What is cancer
“Cancer is a group of diseases characterised by the uncontrolled growth and spread of abnormal cells.”
Cancer can broadly be classified as: Solid organ tumors, for example cancer of the breast, the lung and colon or cancers of the blood, lymph nodes (hematological cancers) which includes leukemia, myeloma, and lymphoma.
What are my chances of getting cancer?
The number of new cases of cancer diagnosed each year in South Africa is estimated to be 202 per every 100 000 people in our country. The estimated new cases for South Africa of all kinds of cancers for 2020 was estimated at 116 391 with breast, prostate, colon, cervical and lung cancer responsible for 51% of all cancers diagnosed. This number of new cases are increasing every year mainly due to two factors namely our population living longer and getting older and general lifestyle issues & urbanisation.
The number of people who are managed and living with cancer at any given time is about double that of the new cases.
The challenge in South Africa is to create a greater awareness of cancer and understand the warning signs that may be caused by cancer. The earlier cancer is diagnosed by your doctor the better the result of treatment.
If you take responsibility for your own health, you need to consider the following lifestyle issues as relevant in the prevention of cancer:
Cigarette smoking (Tobacco use) that can cause not only lung cancer but has proven to increase chances for other cancers.
Excessive sun exposure which can cause skin cancer including malignant melanoma.
Unprotected sexual relationships with multiple partners.
Environmental and occupational hazards and practices.
Lifestyle issues than can have a preventative effect on cancer includes:
A healthy diet with lots of salads, fruits and vegetables and reduced in fat.
Maintaining a lean body with normal weight or BMI – obesity is a risk factor.
Moderate alcohol consumption.
When must I suspect cancer?
When you develop any of the symptoms as listed below, see you doctor immediately. Cancer may not necessarily be the reason for the symptom, but you need to take note and not ignore:
Unexplained weight loss or muscle wasting.
Fever and sweating where the origin cannot be determined especially at nighttime.
Paleness and weakness due to undetected loss of blood.
Unexplained generalised itching.
Any abnormal bleeding – coughing up blood, blood in your stools. Blood in your urine.
Be on the lookout for moles with an uneven color, irregular edges or breaking down (ulceration) on the surface that change in size and seems to be growing bigger.
Any ulceration or sores that fail to heal or grow rapidly.
Any new persistent irritative cough or shortness of breath – especially in a smoker.
Coughing up blood.
Stomach and intestines
Any new onset of difficulty or pain with swallowing.
Any bleeding from the rectum when passing stools.
Recent onset of constipation or change in bowel habit.
Lump – no matter how ‘benign’ it may feel.
Nipple: any new inversion or discharge both serous and bloody.
Recurrent nocturnal or early morning headaches.
Recent onset of seizures.
Any Neurological deficit.
Vaginal bleeding especially post-menopausal.
Any pain or lump around the pelvis.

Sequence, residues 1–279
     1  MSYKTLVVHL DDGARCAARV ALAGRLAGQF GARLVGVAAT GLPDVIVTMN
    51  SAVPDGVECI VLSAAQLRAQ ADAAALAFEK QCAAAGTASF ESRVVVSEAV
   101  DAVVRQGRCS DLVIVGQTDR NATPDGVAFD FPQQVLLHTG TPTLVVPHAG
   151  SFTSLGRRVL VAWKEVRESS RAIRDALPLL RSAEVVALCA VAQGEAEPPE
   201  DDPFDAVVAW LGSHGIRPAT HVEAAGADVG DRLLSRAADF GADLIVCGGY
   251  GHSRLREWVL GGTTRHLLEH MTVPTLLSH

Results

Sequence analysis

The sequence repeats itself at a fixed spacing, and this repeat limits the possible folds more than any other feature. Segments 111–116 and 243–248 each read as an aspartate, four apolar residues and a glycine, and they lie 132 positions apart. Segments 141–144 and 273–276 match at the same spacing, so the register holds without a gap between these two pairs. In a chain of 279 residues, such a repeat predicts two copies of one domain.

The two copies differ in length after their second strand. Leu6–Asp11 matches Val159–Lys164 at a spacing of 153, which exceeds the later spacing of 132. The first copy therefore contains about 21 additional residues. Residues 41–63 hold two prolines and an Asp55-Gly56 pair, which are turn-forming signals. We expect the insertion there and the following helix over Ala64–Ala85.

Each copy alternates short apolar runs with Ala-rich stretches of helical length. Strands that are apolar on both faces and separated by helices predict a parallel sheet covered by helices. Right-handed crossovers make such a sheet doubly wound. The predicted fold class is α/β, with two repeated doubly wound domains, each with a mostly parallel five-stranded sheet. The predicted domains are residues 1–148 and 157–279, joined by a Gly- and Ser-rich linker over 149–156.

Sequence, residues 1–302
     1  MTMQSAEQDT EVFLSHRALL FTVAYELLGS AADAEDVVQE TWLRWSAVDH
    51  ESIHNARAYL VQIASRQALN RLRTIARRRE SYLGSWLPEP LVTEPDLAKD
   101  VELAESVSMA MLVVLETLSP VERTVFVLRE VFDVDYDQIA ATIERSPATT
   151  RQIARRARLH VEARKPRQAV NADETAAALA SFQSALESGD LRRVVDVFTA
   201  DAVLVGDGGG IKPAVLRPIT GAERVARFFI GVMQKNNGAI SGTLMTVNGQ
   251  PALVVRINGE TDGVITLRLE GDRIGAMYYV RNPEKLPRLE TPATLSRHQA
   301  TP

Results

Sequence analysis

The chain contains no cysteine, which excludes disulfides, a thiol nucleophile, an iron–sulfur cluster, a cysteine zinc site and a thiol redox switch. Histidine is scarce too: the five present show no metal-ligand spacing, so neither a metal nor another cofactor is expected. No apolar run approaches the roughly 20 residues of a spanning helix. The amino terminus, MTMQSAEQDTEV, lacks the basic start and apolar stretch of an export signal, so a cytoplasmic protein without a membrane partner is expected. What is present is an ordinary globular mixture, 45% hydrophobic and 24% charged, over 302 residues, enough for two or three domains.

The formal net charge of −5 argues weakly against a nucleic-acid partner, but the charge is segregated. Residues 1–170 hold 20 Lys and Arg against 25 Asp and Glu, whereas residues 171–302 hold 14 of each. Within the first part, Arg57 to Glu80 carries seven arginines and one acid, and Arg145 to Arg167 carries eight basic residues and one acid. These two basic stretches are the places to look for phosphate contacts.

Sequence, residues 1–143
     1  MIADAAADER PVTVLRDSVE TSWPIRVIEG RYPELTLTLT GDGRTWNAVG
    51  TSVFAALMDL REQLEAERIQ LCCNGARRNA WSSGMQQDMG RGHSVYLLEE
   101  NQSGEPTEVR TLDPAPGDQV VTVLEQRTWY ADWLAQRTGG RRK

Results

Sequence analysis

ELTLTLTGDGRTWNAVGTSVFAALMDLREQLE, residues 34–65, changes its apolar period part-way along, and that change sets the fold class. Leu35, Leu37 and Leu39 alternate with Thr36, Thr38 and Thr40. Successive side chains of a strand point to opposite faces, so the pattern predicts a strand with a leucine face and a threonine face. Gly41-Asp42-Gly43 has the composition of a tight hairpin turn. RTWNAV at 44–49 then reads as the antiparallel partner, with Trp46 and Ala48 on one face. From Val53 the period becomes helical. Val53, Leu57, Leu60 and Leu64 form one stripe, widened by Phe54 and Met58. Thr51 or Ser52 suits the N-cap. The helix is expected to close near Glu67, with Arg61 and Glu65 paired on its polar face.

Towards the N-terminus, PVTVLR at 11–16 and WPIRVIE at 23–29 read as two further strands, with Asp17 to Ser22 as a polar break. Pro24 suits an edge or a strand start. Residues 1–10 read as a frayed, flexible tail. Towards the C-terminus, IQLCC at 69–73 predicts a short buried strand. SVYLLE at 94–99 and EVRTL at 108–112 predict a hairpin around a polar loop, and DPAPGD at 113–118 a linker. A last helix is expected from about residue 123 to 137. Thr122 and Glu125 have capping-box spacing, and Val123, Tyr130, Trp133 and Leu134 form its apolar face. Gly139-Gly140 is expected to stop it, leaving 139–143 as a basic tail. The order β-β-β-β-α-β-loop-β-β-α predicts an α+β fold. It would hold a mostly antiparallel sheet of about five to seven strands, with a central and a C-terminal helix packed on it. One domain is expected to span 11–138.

Change in bowel habit or bladder function.
Persistent or recurrent discharge.
Lesions on the lips or in the mouth or tongue that fail to heal.
Blood in the urine.
Any new and unexplained lumps or swollen lymph nodes that do not go away after a course of antibiotics.
Cancer in Children
Cancer in children is relatively uncommon with only about 2 percent of all cancers in Western industrialised nations occurring in children. Yearly about 150 new cases for every 1 million children in the United States are diagnosed with cancer.
Although cancer can develop in children of any age, certain cancers have a predilection for specific age groups. For example, neuroblastoma, retinoblastoma, and Wilms’ tumor most commonly occur in children between birth and four years of age, whereas osteosarcoma, Ewing’s sarcoma and Hodgkin’s disease tend to occur in children more than 10 years of age.
The survival rate of pediatric cancers is now more than 75% in developed countries and can be viewed as one of the great success stories of modern medicine. This success can be contributed to newer innovative cancer drugs, better diagnostics and better after-care of children with cancer.
Symptoms That May Indicate Cancer
Because of the relative rarity of malignancies in children and the presenting signs and symptoms that are often nonspecific and may mimic those of common childhood conditions, the Family Practitioner needs to maintain a high index of suspicion.
A quick/early diagnosis of cancer in a child greatly enhances the chance that the child will survive cancer. The Pediatric-Oncology Resource Center therefore published a list of symptoms, and mnemonic “CHILDCANCER”, of childhood cancer which should alert the doctor to keep cancer in mind when evaluating a child with any of these symptoms and signs:
Continued, unexplained weight loss
Headaches, often with early morning vomiting
Increased swelling or persistent pain in bones, joints, back, or legs
Lump or mass, especially in the abdomen, neck, chest, pelvis, or armpits
Development of excessive bruising, bleeding, or rash
A whitish color behind the pupil
Nausea which persists or vomiting without nausea
Constant tiredness or noticeable paleness
Eye or vision changes which occur suddenly and persist
Recurrent or persistent fevers of unknown origin
If your child displays any or a number of these symptoms, do not delay consulting with your family doctor.
For more information visit www.medwell.co.za